I'm making a player and now I'm trying to implment simple 10 band graphic equalizer.

I found that there are two kind of major frequency sets for 10 band equalizer.

  • 31.25Hz, 62.5Hz, 125Hz, 250Hz, 500Hz, 1kHz, 2kHz, 4kHz, 8kHz, 16kHz
  • 60Hz, 170Hz, 310Hz, 600Hz, 1kHz, 3kHz, 6kHz, 12kHz, 14kHz, 16kHz

As far as I know, the first one is the ISO standard 10 band equalizer. But, some players like VLC or Clementine support second one.

What's the point of two different freq. sets? For instance, which one is more popular? Or, are they designed for different purpose?

  • Please do the world a favour and implement a proper parametric (or, "paragraphic") eq rather one of those useless 10-band thingies. If this is software, there's really no reason why you wouldn't Jan 22, 2015 at 21:44

1 Answer 1


That first one is octave-based, whereas the second is set up with more bands towards either end of the frequency spectrum.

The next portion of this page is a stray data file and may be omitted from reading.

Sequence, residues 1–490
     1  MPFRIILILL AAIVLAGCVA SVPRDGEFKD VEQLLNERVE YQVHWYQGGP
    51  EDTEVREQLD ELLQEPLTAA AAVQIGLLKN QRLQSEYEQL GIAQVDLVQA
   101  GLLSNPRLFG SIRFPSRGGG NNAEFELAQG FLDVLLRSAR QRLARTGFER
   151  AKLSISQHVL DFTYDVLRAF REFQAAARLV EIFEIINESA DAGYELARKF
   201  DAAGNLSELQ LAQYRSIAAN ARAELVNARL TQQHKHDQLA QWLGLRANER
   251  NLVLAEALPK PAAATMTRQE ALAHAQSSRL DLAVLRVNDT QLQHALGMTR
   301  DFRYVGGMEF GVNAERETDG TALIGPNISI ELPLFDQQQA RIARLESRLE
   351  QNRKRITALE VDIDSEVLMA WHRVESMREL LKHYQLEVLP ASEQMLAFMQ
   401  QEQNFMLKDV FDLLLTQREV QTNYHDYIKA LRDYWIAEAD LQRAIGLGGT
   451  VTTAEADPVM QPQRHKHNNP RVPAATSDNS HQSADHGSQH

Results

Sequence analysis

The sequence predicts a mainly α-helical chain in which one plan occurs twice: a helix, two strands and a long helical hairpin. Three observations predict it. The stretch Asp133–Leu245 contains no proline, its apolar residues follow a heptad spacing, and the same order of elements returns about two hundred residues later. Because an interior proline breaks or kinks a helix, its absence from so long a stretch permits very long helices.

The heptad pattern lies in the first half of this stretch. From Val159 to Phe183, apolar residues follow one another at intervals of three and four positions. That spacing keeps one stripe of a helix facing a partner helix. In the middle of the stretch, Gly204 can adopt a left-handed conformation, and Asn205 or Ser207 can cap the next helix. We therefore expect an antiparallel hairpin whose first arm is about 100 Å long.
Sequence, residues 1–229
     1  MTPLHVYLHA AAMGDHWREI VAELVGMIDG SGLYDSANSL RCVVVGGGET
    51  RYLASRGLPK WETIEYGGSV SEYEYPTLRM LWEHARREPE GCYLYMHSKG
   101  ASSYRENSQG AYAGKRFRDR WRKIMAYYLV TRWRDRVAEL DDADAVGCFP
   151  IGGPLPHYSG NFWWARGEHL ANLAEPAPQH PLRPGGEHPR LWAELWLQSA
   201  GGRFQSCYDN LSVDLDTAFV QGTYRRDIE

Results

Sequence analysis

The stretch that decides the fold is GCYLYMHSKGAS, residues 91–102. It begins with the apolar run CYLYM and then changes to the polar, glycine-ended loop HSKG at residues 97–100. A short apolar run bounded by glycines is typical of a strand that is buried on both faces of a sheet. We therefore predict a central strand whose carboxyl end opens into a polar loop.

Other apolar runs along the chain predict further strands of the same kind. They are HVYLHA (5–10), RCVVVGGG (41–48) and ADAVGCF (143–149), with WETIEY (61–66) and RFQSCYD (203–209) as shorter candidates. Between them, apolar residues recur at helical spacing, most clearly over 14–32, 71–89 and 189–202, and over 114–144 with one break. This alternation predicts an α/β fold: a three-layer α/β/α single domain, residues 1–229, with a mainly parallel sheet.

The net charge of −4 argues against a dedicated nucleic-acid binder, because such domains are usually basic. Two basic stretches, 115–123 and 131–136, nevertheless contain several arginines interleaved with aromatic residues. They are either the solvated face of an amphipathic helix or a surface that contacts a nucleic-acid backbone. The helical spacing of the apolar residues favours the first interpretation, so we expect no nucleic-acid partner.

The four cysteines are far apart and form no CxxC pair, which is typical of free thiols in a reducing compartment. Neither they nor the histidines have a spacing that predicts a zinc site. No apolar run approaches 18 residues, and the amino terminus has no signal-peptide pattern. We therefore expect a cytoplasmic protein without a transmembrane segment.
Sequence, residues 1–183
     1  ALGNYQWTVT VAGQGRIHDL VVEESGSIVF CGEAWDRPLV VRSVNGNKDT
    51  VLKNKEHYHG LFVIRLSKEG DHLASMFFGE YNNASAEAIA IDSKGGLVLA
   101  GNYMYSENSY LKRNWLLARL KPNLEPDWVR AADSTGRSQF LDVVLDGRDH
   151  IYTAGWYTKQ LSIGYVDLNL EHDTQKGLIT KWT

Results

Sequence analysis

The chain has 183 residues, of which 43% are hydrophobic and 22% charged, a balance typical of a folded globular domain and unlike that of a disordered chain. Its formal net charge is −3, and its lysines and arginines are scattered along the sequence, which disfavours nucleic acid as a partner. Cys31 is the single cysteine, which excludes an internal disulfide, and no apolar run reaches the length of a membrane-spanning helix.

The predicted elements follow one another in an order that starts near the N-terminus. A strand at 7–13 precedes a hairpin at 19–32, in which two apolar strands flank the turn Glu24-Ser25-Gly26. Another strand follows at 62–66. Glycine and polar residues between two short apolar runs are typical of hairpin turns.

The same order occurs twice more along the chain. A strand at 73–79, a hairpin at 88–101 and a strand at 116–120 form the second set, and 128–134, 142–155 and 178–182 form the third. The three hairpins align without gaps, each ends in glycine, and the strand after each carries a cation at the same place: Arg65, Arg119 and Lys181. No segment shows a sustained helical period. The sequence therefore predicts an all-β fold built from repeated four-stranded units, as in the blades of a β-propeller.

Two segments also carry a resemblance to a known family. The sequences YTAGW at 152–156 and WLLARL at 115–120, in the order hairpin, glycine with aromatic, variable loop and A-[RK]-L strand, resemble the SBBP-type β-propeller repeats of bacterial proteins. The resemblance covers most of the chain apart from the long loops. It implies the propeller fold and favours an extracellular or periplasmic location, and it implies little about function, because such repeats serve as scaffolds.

What this means is the first one will appear to have the bands evenly spread across the audio range, to the human ear. So tweaking frequencies is relatively straightforward. General home audio often uses this - allowing general boost and cut of frequencies so the consumer can alter the sound to their preferences.

The second one gives you more flexibility to cut/boost bass or treble frequencies, which is where the shape of a boost/cut curve is potentially more important (eg a steep cut after 12kHz after a flat middle section can roll off high frequencies very well) - often more suited to prosumer / recording / sound design.

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